Annex F - Mitigation

1. Mitigation - Examples of circumstances which may be considered to have significantly affected a student’s performance

These are normally exceptional circumstances, outside your control, that may have prevented you from either demonstrating or acquiring the skills, knowledge, competencies required to meet the learning outcomes associated with an assessment that contributes to the qualification for which you are studying.

1.1 Applications for mitigation are considered on an individual student basis, taking in to account any previous applications for mitigation.

1.2 Where an Individual Learning Plan (ILP) is in place, recommendations for support have been considered for students in conjunction with Chapter 4 – Assessing Students with Disabilities and the AccessAbility or Wellbeing Services. However, students with long term, fluctuating health conditions/ disabilities will be able to apply for mitigation as a result of their health and their ILP will provide the Mitigation Committee or their delegated representative a useful context when considering an application. 

1.3 It is at the discretion of the Mitigation Committee to consider the individual circumstances provided by the student in order to agree reasonable and justifiable outcomes.

2. A non-exhaustive list of examples of commonly accepted grounds / reasons:

1. Bereavement – death of close relative / significant other

2. Serious short term illness or accident of a nature which in an employment context would have led to an absence on sick leave (please see section 4 below for guidance on non-accepted medical grounds)

3. Students who have an ILP in place with extensions supported

4. A long term fluctuating health condition/ disability

5. Significant worsening in any adverse personal / family/ welfare circumstances

6. Caring responsibilities e.g. where pre-established caring arrangements temporarily break down (please see section 4 below for guidance on non-accepted grounds related to caring).

7. IT issues such as internet outages and computer failure which are reported at the time of the issue.

8. Other exceptional factors for which there is evidence of impact.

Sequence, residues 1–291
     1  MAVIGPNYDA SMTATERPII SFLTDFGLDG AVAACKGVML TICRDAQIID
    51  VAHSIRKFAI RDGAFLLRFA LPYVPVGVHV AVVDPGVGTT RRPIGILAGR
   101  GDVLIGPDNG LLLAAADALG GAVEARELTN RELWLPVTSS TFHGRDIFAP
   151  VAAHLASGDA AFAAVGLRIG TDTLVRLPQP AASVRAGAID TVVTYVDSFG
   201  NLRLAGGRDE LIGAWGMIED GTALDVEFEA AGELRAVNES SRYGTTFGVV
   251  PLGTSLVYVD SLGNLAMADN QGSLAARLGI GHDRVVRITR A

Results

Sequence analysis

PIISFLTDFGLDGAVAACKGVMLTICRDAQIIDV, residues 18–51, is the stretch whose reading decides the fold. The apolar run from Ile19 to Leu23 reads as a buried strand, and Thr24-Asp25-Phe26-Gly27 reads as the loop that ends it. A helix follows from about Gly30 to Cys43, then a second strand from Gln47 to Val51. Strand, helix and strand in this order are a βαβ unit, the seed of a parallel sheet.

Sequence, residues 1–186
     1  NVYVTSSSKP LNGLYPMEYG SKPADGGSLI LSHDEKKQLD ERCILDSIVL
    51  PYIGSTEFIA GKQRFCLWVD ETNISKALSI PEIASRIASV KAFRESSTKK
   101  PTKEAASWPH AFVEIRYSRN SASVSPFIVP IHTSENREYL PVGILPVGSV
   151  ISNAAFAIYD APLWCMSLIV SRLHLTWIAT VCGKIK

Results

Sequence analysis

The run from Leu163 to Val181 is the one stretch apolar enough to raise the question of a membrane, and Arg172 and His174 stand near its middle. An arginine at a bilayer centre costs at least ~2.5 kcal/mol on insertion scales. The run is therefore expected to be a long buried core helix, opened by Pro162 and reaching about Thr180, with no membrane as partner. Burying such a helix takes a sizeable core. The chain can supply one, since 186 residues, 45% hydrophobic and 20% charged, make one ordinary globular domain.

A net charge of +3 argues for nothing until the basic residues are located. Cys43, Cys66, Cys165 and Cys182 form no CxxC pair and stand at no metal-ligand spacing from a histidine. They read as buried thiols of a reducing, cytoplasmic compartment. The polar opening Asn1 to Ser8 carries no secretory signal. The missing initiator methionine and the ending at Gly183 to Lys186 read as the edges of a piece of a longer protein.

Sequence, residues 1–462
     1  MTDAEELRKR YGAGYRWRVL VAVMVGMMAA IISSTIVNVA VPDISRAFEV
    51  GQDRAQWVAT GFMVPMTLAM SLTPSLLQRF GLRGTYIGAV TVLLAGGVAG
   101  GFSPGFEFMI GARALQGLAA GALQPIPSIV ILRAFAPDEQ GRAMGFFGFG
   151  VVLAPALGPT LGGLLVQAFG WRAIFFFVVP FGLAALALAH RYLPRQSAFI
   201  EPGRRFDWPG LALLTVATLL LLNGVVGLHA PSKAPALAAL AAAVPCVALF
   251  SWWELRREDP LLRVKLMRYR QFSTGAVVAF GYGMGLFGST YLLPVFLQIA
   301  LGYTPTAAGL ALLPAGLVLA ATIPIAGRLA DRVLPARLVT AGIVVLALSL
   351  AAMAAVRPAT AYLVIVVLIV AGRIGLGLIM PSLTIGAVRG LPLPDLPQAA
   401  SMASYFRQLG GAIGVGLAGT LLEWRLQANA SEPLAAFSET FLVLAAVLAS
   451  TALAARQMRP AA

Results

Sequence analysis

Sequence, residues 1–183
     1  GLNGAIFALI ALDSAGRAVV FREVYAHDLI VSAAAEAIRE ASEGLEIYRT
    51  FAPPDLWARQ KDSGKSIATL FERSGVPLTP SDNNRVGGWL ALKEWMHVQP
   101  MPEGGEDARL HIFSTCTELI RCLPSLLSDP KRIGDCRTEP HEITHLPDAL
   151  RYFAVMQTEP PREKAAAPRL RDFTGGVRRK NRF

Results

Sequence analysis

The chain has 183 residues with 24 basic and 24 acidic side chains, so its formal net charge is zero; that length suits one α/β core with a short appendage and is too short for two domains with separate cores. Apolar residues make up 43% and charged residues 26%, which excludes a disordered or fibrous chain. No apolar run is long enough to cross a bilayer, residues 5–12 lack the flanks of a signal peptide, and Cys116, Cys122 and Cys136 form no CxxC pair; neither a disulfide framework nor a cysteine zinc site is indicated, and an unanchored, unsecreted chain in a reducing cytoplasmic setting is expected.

3. Examples of circumstances which may not be considered to have significantly affected a student’s performance: a non-exhaustive list of examples of commonly rejected grounds/reasons:

a) Alleged medical circumstances outside the relevant assessment period or learning period for which extenuating / special circumstances have been applied for.

b) Colds, minor illness or ailment, which in a work situation would be unlikely to lead to absence from work. Students should allow time for such circumstances within their planning.

c) If there is a reasonable case that circumstances relied on were foreseeable or preventable, i.e. the following will commonly not be accepted:

1. Holidays
2. Financial issues
3. Poor IT practice e.g. no back up of electronic documents
4. Lack of awareness of submission dates /times and examination date / times
5. Poor time management
6. Submission of incorrect document or submission of correct document to the incorrect location

d) Late disclosure of circumstances on the basis that students were able but unwilling to confide in a staff member about their extenuating / special circumstances.

If the disruption to study caused by illness/ accident does not reasonably disrupt the submission of an assignment on time, mitigation will not be approved (please refer to sections 2 and 3 above for more information on accepted grounds for mitigation).

5. Examples of exceptional circumstances which may be considered where retrospective or late application for mitigation are made or where examination deferral or deadline extension are not appropriate;

a) Confirmed severe mental health issues.
b) Illness which has led to confirmed hospitalisation of the student and prevented the submission of a mitigation application.

This is not an exhaustive list and similar exceptional circumstances should be considered alongside guidance in section 10.4.2 of the Mitigation guidance which refers to late applications.



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